March 29, 2020
Special Olympics athlete Maryann Gonzalez

Photo: Norma Lopez Molina

"We don't want people to pity us. We want people to accept us."

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Special Olympics athlete Maryann Gonzalez

Art Levy | 10/25/2019

My parents gave me up when I was 18 months old because I had too many medical problems, and it was too much for them to handle. They said I cried a lot. I was moved into a group home, where, when I turned 2, I was supposed to go into Sunland (a now-defunct mental health facility in Miami). My foster mom at the time took me there, and she looked at the place and said, ‘This is no place for you.’ She took me back home and raised me. She died in 1992. She’s the angel on my shoulder every day. She gets me through the rough times.

There are always barriers and people saying you can’t do stuff. Can’t is not a word in my vocabulary. I find ways around it.

I was coaching a volleyball team, and I had one athlete who could not serve the ball over the net. It’s the championship game. Game point. She comes up to serve — and she gets it over the net! It’s the winning point. Everybody went crazy. I was wanting to cry. I was in so much joy for her. She showed that she could do it. All the hard work we put in led to success. Seeing people achieve their goal, their dream. That’s what I love.

Some people are very rude, straight up. Some people can be very nice and see that you’re struggling and help you out. Some people can care less and walk right by you, like you don’t even exist.

Growing up was hard. I did not speak until I was 7. In school, I had to stay back in kindergarten for three years. They finally figured out that I needed tubes in my ears. And when they put the tubes in my ears, then I started hearing and talking.

School was not that good when we lived in Miami, but when I was 9, we moved to Sumter County. I got put in special education, and I had to fight for my right to be put in regular classes. I just didn’t want to sit and watch TV like they did at that time in the special-ed classes.

Sports, basically, kept me out of trouble. Growing up, I guess you could say I had somewhat of a behavior problem. It was very, very frustrating when I was young how people were not nice, and I think that’s what made me act like a bully. I figured if I could bully my way through life then maybe I could get where I needed to be, but Special Olympics taught me that being a bully is not the answer. I learned to be a good teammate. I learned to encourage others and be a role model.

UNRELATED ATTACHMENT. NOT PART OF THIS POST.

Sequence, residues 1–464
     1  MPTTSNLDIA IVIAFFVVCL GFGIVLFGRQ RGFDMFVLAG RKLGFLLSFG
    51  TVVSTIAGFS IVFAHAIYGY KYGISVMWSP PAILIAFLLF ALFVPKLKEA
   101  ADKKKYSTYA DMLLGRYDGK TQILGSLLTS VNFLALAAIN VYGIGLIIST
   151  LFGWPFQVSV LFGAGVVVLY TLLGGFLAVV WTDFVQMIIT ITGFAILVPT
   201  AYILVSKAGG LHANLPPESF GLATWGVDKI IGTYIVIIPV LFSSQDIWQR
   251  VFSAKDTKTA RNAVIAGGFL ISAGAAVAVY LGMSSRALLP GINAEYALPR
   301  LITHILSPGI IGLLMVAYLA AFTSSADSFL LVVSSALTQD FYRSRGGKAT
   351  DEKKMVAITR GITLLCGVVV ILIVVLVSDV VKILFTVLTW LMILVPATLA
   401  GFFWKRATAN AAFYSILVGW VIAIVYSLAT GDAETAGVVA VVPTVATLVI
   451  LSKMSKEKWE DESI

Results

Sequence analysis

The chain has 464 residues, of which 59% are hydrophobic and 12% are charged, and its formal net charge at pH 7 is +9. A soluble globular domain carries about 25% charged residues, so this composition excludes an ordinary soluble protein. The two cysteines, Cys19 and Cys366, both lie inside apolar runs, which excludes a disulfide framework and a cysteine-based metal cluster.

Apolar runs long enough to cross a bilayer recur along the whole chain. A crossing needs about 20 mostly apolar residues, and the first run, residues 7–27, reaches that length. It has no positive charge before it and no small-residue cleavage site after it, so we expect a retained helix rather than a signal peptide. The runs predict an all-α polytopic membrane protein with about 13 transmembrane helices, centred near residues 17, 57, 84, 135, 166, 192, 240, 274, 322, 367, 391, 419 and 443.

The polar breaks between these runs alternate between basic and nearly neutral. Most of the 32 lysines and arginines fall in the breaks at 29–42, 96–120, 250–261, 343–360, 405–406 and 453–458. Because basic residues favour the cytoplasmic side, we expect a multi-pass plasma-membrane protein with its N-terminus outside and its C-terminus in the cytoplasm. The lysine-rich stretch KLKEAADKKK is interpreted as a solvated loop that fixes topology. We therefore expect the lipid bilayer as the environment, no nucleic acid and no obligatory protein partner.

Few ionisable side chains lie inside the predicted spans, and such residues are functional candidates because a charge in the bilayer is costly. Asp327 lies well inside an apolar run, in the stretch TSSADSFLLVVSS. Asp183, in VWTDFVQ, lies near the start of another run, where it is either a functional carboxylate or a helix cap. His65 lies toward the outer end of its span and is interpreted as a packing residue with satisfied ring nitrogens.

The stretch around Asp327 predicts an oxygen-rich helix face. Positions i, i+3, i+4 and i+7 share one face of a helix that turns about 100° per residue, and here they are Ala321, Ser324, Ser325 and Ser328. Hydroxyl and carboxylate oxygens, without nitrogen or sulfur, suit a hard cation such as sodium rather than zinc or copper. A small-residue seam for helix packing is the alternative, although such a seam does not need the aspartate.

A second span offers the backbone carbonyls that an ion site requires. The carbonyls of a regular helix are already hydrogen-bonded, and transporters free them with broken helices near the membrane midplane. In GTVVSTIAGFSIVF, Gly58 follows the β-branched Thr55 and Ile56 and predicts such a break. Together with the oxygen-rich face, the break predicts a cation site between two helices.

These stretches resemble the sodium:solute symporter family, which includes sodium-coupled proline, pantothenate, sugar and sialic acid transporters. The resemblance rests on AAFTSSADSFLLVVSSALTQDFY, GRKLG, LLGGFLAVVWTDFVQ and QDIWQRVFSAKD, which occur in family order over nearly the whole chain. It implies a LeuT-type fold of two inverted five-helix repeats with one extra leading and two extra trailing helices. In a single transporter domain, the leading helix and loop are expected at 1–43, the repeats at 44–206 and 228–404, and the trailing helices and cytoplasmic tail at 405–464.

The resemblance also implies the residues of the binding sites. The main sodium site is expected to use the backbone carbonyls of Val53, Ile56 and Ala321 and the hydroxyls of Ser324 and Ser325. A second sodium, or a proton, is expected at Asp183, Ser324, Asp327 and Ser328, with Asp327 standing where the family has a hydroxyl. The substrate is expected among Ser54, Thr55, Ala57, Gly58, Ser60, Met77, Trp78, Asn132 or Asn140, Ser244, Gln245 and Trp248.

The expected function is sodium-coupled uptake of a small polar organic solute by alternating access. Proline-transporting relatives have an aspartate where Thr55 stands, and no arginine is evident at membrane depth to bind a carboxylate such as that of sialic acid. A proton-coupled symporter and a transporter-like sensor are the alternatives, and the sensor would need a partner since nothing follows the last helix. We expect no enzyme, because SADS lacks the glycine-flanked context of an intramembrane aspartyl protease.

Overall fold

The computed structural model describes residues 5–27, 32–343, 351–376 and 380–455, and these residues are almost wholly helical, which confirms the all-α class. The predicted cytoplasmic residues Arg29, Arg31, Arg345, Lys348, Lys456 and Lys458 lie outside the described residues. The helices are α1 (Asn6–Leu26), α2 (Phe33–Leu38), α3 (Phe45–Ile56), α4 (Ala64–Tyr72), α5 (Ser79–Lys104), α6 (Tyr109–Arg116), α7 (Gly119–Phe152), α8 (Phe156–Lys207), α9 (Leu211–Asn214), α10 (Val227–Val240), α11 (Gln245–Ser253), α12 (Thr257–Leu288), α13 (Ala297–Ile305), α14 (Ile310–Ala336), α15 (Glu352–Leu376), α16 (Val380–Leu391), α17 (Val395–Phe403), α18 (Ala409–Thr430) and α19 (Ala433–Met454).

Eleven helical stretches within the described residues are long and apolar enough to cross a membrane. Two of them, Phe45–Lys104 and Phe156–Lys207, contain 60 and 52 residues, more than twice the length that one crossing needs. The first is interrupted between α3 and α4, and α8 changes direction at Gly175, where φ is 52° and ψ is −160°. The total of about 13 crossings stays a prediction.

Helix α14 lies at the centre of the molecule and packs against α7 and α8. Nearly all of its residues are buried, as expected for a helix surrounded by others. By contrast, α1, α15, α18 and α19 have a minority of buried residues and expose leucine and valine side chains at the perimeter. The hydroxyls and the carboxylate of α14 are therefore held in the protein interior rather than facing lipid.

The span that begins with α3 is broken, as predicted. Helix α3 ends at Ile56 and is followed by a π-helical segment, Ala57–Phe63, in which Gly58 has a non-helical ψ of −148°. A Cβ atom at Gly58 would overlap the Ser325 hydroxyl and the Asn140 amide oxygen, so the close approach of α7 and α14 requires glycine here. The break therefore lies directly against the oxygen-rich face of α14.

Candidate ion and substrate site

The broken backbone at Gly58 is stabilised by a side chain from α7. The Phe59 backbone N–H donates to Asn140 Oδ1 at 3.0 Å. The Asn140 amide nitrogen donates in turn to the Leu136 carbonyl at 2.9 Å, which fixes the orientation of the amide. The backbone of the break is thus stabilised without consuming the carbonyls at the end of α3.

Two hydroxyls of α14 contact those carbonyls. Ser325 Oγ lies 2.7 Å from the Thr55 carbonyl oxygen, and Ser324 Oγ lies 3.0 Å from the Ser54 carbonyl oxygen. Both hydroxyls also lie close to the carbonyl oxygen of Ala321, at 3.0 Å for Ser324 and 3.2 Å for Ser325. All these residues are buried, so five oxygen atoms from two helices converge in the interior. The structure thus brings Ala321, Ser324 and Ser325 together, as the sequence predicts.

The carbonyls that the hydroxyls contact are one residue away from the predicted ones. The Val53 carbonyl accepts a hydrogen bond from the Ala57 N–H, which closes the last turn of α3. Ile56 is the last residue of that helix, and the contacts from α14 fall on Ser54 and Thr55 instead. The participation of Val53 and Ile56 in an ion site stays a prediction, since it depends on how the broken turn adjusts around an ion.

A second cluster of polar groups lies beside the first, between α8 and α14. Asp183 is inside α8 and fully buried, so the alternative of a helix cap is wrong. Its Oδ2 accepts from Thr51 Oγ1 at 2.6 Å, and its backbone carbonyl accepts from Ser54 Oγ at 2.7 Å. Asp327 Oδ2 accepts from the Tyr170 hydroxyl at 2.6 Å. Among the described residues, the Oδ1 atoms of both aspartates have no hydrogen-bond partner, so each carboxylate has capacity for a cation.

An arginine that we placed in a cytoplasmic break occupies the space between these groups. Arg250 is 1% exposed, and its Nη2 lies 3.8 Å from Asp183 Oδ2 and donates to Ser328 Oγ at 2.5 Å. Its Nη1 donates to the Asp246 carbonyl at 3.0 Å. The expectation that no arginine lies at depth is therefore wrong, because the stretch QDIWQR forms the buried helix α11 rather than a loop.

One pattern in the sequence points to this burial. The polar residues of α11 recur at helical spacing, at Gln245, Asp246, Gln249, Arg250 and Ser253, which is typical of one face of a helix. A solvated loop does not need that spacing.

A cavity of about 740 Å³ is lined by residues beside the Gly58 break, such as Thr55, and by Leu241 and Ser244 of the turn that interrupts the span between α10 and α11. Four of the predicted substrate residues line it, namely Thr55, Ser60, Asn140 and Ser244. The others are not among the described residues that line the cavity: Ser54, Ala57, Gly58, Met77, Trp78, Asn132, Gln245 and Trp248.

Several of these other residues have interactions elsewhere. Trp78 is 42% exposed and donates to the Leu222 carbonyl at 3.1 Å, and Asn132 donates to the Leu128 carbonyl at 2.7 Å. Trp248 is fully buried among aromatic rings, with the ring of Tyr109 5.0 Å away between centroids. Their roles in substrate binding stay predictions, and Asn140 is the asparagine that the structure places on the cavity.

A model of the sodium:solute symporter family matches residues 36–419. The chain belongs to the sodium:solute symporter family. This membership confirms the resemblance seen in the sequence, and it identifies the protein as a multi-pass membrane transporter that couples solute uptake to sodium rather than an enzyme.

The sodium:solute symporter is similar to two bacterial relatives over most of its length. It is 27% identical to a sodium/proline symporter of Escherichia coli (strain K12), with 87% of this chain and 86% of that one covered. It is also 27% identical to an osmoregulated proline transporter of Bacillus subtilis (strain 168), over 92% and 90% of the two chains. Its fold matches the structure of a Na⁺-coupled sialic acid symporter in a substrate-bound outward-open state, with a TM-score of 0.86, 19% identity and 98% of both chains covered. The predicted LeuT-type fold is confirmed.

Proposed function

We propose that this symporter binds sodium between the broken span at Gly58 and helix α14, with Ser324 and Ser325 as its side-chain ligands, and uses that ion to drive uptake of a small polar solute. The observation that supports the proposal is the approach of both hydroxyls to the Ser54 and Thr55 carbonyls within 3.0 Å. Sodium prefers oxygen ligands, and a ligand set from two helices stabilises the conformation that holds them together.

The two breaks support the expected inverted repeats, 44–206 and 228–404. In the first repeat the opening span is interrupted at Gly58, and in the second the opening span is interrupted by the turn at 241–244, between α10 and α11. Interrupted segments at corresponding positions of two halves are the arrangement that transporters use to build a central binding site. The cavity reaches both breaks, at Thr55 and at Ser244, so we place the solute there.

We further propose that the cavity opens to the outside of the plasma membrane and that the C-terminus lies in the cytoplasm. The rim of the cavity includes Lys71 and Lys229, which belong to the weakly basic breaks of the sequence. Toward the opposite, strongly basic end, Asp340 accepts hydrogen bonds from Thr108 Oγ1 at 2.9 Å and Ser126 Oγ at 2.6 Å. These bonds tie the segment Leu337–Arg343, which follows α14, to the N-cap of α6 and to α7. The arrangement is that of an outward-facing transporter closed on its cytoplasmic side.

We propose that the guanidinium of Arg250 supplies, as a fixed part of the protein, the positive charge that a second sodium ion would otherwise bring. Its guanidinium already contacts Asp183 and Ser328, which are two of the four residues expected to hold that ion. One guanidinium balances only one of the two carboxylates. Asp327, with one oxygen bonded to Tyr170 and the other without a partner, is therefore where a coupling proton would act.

I have a mental disability, which is controlled by medicine. And I have a muscle disability that is also controlled by medicine.

I drive to work, and I bought my own car. I’m paying for it myself. I enjoy driving, but I don’t like driving too far away from home. To get to work, I don’t go down U.S. 27, anymore. I go on less busy roads. I find it easier than driving on 27 because too many people on that road are pulling out in front of me and slamming on their brakes or not using their turn signal.

Anything I do, I put in the extra work.

My job is with Special Olympics, working in the sports department as an assistant. I’m working on stuff for aging adults, for people who are turning 40 or older, and finding ways to keep them engaged. That could mean sports or some kind of a health initiative to keep them from sitting on the couch, to keep them active in some way — a walking club, bocce ball, pickleball, anything like that.

I don’t always get the top medals, but I do pretty good. I think fourth is the worst that I’ve ever gotten. I’ve got hundreds and hundreds of first-place ribbons and not many third-place ribbons and a few second-place ribbons.

I’ve been in Special Olympics for 46 years.

My best thing that we do at the house is fish and shrimp night. We have it fried, which I know is bad for us because I’m being very healthy at this stage of my life, but I give in for fried fish and shrimp – and grits.

I’m working on writing a book. It’s going to be called “Don’t Tell Me I Can’t,” and it’ll be about the barriers in my life and how I have overcome them.

Sometimes, it feels like people ignore you because you have a disability. They shouldn’t ignore. They should encourage you to get involved, to join in.

I love to go on vacation. We’ve been on three cruises, the eastern side of the Caribbean twice and the western side once. For Special Olympics, I’ve been to Ireland and Greece, and I’ve visited the Great Wall of China.

Other people doubted me, but I always knew I was capable.

Yes, I had to start at the bottom and take all the prerequisites, so I could get where I needed to be. But this last May, I graduated with honors from Lake Sumter State College in computer science.

 

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